Even if a company performs well, it can still make for a lousy investment. This is because the price paid plays a massive role in determining whether an investment will work out or not.
Six months ago, three electronics retailers were discussed on this site and compared to their respective asking prices. While not a single one of those companies has seen its price appreciate in these last six months, the merits of investing based on price (and not earnings growth or recent company performance) are still clear. Consider the following table:
|Name||January P/E||Earnings||Stock||P/E Today|
|Best Buy||Down 5%||Down 13%|
|RadioShack||Down 18%||Down 24%|
|hhgregg||Up 44%||Down 35%|
As the table shows, though hhgregg continues to grow its earnings as it adds stores and expands, its stock actually fell dramatically over this period. The stock fell much further than the stock of its competitors even though Best Buy and RadioShack have been struggling, posting declining net income. Why is this? Because of how high hhgregg's P/E was at the beginning of the period.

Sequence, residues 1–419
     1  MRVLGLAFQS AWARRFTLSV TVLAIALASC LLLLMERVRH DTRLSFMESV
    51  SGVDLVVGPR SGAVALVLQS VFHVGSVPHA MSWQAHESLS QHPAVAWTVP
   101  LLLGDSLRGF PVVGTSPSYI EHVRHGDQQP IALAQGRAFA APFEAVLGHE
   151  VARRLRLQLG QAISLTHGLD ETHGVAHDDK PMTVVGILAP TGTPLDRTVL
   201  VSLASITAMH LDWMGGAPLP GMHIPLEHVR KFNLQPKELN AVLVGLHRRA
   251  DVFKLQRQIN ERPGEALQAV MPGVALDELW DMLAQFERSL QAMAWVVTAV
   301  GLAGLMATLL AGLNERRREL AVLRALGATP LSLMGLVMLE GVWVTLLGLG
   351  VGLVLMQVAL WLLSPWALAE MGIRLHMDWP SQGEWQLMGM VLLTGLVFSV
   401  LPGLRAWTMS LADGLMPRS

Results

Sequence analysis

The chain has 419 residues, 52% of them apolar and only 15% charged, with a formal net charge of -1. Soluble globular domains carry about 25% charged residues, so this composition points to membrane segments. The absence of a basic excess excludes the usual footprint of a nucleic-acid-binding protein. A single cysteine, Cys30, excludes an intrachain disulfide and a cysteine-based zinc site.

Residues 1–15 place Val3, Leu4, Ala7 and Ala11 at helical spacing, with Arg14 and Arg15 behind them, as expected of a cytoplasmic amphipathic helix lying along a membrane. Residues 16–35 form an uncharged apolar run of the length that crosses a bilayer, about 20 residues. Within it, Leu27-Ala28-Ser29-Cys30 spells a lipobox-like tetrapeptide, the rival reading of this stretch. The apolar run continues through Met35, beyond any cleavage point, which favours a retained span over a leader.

Of course, this is just one example of low P/E versus high P/E investing. Nevertheless, it is consistent with research that suggests that stocks with the lowest P/E's outperform. In fact, research by David Dreman suggests that this performance difference based on P/E even occurs between firms in the same industry, as are the three stocks we have compared here.
What's interesting now is the fact that hhgregg, which is aggressively growing its store count while maintaining solid returns on capital, has now become cheap. So while it didn't look like a great investment 6 months ago, it looks a lot more enticing today. The company hasn't changed much in the last six months. But more importantly, its price has, and that is what will play the dominant role in determining whether the investment works out.
Disclosure: Author has a long position in shares of BBY and RSH